BAGHDAD, Nov 3 (Reuters) - Islamic State militants have executed 36 more members of an Iraqi tribe that had resisted the Sunni militant group's advances in western Anbar Province for weeks, a member of the tribe said on Monday.
"They were shot dead in Ramadi," said Hamdan al-Nimrawi of the Albu Nimr tribe, which had already lost 322 people last week in some of the worst bloodshed since the Sunni militants swept through northern Iraq last June.
The killing spree started last week when Islamic State militants began hunting down and executing large numbers of tribesmen and dumping them in mass graves or on roadsides after capturing their main village in Anbar.
The Albu Nimr tribe, which is also Sunni, had put up fierce resistance against Islamic State for weeks but finally ran low on ammunition, food and fuel last week as militant fighters closed in on their village Zauiyat Albu Nimr.
Iraq's Human Rights Ministry said on Sunday Islamic State militants had already killed 322 members of the tribe, including dozens of women and children whose bodies were dumped in a well.
One leader of the tribe, Sheik Naeem al-Ga'oud, told Reuters last week he had repeatedly asked the Shi'ite-led central government and army to provide his men with arms but no action was taken.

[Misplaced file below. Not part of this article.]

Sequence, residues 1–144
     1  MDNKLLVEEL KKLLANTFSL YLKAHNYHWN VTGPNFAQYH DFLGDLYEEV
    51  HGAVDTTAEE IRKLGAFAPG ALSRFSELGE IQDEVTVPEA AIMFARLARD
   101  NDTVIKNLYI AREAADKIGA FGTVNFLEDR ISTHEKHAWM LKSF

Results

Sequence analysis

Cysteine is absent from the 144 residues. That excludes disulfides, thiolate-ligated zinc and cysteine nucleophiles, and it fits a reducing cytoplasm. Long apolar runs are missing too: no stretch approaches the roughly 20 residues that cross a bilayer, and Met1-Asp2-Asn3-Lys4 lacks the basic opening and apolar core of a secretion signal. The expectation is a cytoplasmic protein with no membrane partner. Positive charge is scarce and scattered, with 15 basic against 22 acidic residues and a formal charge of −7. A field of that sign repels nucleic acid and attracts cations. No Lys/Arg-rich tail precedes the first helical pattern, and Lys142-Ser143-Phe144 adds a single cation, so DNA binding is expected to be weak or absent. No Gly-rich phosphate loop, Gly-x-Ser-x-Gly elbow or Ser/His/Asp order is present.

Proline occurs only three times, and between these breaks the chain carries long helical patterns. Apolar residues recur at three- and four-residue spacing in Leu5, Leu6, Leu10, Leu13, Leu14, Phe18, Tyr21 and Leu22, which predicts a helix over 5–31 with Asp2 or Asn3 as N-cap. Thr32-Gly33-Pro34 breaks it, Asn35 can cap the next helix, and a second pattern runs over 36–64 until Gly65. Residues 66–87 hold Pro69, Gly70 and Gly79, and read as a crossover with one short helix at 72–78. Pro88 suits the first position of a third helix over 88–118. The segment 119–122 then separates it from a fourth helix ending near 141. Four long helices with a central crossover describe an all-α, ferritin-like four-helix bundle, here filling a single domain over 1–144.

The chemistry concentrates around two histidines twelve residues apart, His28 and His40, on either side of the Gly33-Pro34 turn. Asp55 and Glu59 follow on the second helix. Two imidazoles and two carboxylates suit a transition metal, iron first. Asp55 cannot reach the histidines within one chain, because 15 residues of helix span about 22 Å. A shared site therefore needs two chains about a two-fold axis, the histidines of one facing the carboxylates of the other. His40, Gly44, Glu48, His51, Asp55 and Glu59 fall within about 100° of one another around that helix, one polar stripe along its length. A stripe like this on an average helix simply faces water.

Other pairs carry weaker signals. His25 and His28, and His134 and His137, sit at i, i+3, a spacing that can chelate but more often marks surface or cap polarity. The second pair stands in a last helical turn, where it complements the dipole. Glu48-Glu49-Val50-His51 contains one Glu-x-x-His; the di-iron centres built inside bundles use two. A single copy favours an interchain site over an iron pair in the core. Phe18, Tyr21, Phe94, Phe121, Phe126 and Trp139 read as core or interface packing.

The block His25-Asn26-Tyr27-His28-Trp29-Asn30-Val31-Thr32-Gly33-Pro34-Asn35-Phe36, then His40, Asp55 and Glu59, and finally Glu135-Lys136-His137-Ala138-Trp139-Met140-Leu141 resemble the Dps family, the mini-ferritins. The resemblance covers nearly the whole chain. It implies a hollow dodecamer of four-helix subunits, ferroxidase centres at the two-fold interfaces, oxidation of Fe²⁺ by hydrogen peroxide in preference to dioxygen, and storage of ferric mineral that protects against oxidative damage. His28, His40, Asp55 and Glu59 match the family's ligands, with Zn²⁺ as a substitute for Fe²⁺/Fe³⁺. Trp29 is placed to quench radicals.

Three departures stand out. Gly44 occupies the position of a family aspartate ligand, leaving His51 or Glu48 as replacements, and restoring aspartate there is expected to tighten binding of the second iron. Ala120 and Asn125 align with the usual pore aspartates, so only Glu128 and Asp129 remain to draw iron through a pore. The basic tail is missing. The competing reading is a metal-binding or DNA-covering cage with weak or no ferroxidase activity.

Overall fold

The fall of the village dampened the Baghdad government's hopes the Sunni tribesmen of Anbar, who once helped U.S. Marines defeat al Qaeda, would become a formidable force again and help the army take on Iraq's new, far more effective enemy.
Islamic State already controls most of the vast desert province running from the Syrian border to the western outskirts of Baghdad. It includes towns in the Euphrates River valley dominated by Sunni tribes.
If the province falls, it could give Islamic State a better chance to make good on its threat to march on Baghdad.
In Anbar, the militants are now encircling a large air base and the vital Haditha dam on the Euphrates. Fighters control towns from the Syrian border to parts of provincial capital Ramadi and into the lush irrigated areas near Baghdad. (Writing by Michael Georgy; Editing by Tom Heneghan)